Soy’s naturally occurring phytoestrogens are a potential alternative to HRT.

The amount of soy protein that must be consumed in order to experience positive effects of menopausal treatment is disputed, but the average recommended amount is between 20 and 30 grams per day.

Soy protein in the diet might help reduce the risk of heart disease by more than 20%.   As little as 25 grams of soy protein in a day can significantly reduce blood cholesterol and heart disease.   A diet high in soy protein can reduce LDL cholesterol by as much as 12.9% which translates to a reduction in the risk of heart disease by more than 20%.

A recent study showed that soy protein-based sports nutrition supplements promoted and enhanced performance and strength in athletes, improved Iron status and maintained muscle growth, without increasing body fat.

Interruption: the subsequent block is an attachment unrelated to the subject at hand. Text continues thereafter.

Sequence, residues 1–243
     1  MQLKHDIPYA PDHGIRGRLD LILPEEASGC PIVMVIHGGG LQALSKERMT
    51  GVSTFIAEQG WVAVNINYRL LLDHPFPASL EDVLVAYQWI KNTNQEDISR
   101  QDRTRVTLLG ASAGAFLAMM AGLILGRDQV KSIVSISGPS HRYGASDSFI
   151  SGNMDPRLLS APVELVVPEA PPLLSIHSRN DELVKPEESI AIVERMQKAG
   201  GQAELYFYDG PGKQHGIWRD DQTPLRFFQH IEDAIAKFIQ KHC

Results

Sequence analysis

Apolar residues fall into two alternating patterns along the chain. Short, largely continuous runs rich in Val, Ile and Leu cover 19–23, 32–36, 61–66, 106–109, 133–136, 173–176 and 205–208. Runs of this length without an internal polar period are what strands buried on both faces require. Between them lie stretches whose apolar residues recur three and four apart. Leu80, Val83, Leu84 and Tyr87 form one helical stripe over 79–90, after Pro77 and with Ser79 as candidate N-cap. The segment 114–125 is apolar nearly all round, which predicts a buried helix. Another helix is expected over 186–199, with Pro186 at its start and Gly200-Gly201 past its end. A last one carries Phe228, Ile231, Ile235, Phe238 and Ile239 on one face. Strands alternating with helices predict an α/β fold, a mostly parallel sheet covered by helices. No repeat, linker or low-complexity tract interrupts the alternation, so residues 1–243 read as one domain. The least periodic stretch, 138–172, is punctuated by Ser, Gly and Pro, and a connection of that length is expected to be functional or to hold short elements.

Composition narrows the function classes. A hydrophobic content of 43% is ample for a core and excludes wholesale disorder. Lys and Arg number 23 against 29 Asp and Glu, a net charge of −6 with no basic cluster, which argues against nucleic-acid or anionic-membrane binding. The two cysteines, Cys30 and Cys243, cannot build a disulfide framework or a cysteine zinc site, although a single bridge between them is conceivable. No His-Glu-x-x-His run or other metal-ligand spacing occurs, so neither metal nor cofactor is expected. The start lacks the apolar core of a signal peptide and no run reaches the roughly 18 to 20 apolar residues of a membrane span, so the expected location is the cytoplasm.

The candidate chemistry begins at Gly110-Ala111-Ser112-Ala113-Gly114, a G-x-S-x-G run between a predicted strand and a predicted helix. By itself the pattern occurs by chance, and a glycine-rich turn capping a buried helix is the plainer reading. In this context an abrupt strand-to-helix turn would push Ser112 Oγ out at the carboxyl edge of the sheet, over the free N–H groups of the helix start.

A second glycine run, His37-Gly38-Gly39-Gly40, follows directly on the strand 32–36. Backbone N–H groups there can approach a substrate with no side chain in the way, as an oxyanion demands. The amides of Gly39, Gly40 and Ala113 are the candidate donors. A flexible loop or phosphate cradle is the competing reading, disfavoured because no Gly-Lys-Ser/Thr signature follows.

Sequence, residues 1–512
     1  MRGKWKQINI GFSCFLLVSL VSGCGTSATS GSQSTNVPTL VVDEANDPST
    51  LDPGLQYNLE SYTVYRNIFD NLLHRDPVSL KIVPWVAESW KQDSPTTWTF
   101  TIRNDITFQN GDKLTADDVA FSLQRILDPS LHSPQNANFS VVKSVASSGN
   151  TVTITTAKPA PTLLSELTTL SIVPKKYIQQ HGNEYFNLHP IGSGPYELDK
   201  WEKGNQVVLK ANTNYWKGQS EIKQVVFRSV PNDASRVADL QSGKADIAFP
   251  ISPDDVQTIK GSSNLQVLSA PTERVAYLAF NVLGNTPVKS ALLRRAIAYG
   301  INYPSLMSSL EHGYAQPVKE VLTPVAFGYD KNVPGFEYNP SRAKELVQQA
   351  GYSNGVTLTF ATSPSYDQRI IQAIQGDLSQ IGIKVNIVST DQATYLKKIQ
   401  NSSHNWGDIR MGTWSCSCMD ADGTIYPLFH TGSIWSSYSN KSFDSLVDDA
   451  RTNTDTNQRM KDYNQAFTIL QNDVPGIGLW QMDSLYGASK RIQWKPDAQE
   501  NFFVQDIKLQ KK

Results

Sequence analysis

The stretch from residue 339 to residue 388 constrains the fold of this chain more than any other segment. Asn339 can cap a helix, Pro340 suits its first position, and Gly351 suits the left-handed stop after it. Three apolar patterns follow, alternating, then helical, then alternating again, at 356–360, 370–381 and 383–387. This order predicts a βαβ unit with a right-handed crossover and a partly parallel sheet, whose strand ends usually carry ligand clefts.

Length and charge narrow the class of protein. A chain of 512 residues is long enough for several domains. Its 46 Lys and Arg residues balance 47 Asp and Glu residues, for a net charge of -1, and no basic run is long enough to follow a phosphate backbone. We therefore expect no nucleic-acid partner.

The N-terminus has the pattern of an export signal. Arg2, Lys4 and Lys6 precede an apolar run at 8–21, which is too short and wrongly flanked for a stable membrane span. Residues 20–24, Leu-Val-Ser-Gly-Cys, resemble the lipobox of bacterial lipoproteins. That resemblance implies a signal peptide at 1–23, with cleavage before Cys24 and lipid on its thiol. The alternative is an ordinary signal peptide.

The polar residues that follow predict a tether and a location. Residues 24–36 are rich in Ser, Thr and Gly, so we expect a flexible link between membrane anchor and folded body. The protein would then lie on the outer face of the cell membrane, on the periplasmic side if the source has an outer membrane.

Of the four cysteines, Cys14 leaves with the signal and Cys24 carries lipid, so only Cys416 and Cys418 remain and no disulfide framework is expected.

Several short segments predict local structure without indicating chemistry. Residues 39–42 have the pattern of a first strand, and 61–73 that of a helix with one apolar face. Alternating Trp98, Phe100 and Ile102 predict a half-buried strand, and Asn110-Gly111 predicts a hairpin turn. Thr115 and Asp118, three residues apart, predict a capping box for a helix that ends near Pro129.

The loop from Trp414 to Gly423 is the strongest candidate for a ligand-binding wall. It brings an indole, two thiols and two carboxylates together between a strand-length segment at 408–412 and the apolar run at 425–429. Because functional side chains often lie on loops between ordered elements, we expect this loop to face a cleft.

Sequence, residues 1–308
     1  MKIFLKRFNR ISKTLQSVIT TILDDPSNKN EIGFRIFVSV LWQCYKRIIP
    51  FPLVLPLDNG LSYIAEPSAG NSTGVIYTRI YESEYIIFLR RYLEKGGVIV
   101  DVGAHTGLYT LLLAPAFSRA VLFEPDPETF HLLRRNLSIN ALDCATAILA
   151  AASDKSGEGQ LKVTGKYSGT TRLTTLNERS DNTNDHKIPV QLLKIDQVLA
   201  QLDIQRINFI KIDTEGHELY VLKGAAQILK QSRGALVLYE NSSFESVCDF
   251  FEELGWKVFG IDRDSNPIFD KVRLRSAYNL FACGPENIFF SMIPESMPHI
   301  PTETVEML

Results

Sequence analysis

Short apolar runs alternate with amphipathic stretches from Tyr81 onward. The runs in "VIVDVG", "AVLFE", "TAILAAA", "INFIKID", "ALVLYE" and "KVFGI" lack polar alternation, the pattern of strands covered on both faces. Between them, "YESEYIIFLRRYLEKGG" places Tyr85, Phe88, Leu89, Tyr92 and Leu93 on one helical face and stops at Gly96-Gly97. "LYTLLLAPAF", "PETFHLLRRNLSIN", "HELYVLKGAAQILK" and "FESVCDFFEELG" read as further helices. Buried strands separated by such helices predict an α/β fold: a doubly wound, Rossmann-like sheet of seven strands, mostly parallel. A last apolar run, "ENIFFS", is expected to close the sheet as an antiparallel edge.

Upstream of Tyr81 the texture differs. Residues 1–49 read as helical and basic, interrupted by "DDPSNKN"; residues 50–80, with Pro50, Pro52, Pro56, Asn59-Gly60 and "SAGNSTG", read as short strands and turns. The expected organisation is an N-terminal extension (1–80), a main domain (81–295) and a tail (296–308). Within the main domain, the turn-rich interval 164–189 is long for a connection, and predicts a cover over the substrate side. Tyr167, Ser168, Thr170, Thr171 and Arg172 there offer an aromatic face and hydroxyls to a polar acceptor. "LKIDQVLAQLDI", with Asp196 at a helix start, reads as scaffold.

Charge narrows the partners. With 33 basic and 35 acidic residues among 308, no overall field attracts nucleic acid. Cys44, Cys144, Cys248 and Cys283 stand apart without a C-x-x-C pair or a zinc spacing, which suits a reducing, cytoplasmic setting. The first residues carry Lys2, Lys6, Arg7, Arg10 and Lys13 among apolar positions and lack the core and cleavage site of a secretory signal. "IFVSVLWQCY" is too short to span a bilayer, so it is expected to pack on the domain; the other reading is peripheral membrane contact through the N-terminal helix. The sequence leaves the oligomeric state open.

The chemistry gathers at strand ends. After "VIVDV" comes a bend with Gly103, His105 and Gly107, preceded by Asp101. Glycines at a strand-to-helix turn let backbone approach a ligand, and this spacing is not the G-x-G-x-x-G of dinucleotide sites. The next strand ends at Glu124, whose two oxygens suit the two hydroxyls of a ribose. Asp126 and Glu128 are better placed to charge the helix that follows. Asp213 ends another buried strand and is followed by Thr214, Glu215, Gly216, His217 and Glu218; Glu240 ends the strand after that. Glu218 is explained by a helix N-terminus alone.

Soy protein with isoflavones compares favorably with traditional HRT for effects on cardiovascular disease and risk factors.

Soy protein with isoflavones do not appear to increase breast and endometrial cancer risk and may be protective.

Soy protein with isoflavones is less effective than HRT for reducing menopausal symptoms, preventing bone loss and genito-urinary tract symptoms.

Neither purified isoflavones nor soy proteins without isoflavones appear to have the same beneficial effects for cardiovascular disease and menopausal symptoms, as does HRT.

Uncertainty continues about the safety and efficacy of soy for bone density and cancer.

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